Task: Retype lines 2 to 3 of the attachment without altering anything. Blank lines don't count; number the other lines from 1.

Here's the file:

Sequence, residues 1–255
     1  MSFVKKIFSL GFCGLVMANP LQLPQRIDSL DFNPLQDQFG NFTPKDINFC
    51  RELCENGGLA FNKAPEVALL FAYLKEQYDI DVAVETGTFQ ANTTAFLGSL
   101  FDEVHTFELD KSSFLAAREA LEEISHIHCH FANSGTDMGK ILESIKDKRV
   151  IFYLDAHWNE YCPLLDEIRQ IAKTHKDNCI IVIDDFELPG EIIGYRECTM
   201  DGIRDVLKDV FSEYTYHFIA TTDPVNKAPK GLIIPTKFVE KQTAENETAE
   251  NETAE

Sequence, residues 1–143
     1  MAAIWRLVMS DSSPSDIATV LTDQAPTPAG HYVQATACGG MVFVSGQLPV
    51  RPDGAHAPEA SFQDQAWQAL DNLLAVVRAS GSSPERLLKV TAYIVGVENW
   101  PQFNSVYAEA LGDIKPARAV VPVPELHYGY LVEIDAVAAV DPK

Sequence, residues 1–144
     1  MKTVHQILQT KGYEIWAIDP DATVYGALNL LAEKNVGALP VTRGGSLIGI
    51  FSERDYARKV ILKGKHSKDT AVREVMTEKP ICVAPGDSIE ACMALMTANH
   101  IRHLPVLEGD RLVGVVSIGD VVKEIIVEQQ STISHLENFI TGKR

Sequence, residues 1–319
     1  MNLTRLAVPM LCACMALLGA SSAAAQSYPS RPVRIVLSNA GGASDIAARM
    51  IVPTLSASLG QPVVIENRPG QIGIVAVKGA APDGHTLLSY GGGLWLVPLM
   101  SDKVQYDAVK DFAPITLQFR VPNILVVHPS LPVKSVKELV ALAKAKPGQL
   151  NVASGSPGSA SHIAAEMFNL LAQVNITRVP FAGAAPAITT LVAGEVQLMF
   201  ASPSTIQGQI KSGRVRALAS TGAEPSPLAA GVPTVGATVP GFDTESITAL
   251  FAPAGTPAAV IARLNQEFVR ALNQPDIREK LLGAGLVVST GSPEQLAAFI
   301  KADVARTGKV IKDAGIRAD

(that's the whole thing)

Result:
     1  MSFVKKIFSL GFCGLVMANP LQLPQRIDSL DFNPLQDQFG NFTPKDINFC
    51  RELCENGGLA FNKAPEVALL FAYLKEQYDI DVAVETGTFQ ANTTAFLGSL